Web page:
To illustrate, let's move out of the well-worn paths of alcohol and marijuana to the more touchy subject of cocaine. In low concentrations, coca leaf extract is a mild stimulant which is almost certainly safer for general consumption than its highly toxic cousin, caffeine. (In fact, one of the reasons cocaine is banned and highly concentrated caffeine is not is that snorting a comparable amount of caffeine would be almost instantly fatal, so isn't prone to recreational abuse.) So, at some very low levels of blood content, coca extract should frankly be perfectly legal for use in soft drinks and energy drinks. I don't know what the comparable levels are for cocaine -- I've never used it myself, and have only been around those using it once or twice -- but given a means of measuring blood levels, it shouldn't be hard to come up with tiers that match the above. Perhaps one line of cocaine is enough to shoot one directly into Tier 3, I have no idea. But with this framework, you're banning the actual use of a substance in a means that could cause harm to others, rather than the substance itself. This removes all sorts of nonsense from the criminal code, and could straighten out law enforcement and prosecution significantly.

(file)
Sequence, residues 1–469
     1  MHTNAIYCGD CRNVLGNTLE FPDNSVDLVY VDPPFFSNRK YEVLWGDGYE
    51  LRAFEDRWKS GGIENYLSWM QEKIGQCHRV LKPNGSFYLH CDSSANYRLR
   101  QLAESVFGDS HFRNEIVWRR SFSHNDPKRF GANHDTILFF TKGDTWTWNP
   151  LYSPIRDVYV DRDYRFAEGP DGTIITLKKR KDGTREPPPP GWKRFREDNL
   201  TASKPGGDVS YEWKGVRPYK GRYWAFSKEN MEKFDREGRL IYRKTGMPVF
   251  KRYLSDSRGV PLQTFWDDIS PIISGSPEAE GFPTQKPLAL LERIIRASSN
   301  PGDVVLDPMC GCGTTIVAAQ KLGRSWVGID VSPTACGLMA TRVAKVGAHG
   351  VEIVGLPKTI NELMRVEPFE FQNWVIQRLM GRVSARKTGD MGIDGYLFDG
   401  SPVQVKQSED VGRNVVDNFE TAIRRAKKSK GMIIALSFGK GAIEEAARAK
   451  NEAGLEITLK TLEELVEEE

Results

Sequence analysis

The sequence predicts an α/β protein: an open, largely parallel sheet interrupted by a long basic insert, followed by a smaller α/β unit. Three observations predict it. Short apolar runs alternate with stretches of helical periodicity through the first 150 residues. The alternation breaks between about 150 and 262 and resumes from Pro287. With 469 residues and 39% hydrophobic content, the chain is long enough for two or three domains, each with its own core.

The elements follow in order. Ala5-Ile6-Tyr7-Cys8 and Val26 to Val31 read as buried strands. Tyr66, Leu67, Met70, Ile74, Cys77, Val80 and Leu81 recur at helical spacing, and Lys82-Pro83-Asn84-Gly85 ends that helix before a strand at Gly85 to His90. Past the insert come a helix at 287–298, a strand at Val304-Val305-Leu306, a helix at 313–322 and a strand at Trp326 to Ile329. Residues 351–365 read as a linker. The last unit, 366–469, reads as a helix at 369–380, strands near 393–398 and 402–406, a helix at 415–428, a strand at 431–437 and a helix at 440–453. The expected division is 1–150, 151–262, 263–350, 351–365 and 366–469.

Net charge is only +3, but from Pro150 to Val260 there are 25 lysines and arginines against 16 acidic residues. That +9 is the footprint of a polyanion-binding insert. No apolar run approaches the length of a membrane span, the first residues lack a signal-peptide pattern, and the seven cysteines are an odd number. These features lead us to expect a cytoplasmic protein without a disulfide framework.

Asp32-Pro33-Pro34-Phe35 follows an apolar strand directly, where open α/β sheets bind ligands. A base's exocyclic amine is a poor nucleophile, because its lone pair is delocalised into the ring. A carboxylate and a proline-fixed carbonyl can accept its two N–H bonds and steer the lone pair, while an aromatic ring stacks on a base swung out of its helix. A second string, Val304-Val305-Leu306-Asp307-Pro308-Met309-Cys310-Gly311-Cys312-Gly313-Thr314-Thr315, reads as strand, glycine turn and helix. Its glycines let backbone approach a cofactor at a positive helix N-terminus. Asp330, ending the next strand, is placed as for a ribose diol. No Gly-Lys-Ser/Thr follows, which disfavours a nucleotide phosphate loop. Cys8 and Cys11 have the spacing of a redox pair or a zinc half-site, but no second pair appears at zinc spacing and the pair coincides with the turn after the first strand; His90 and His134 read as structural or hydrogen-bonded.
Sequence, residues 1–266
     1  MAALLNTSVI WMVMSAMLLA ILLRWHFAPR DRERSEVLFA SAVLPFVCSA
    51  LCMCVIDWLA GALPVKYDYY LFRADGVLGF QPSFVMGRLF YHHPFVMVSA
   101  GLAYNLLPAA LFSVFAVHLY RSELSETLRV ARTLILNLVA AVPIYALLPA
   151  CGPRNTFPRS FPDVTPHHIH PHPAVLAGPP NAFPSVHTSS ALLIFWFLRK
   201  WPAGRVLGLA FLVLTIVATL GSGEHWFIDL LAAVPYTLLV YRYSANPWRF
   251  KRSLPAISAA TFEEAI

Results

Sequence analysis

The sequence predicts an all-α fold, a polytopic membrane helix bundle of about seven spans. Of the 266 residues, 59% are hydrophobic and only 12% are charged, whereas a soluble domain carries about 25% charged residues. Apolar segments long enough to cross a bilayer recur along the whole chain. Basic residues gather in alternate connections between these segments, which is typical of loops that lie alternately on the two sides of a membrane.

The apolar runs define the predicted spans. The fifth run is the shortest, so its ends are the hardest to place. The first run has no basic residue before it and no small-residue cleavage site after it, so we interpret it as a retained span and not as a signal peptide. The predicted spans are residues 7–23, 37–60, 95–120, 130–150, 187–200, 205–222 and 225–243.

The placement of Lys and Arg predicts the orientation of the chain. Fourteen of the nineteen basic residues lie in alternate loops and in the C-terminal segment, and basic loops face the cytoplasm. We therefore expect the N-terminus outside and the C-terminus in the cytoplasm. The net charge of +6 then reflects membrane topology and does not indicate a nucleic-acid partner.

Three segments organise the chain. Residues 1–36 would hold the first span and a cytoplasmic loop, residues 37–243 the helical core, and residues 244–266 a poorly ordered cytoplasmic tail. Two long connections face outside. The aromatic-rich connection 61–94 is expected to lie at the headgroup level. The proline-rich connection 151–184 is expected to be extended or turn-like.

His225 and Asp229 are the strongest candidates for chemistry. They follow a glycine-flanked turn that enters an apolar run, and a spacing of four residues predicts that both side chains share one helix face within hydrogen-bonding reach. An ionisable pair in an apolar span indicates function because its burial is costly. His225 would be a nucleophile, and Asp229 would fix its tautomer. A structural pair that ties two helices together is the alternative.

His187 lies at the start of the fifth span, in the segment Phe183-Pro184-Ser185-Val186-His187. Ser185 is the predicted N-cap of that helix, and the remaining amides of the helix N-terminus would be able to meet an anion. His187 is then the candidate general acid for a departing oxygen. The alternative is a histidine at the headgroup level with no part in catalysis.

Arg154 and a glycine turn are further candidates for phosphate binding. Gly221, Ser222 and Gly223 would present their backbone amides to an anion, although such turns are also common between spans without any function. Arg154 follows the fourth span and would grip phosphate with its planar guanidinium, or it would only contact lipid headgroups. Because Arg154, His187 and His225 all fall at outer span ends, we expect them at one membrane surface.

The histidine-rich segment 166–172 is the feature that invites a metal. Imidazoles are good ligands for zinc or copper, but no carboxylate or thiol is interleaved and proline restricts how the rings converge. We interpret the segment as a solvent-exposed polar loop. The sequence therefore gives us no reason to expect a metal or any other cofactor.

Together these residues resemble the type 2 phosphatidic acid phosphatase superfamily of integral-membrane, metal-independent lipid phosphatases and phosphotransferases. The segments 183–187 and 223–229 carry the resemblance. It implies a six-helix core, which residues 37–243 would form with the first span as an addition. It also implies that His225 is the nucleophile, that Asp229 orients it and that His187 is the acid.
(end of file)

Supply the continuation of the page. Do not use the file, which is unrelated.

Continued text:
This isn't everything that has to go into a revamped regulatory structure for recreational intoxicants. Like alcohol, strict stamping, taxing, regulation of intoxicant levels, warning labels, distribution licensing, and all of that are part of it. But those are less sticky to solve -- replicating the alcohol regulation and enforcement structure there largely answers the question. My purpose here is to try to think of a legal framework that is both based on clear, empirical, and enforceable measures that law enforcement, social workers, and legalization advocates can live with (while probably not entirely happy with). Anyway, I'd love to hear comments from those who are more involved in the issues.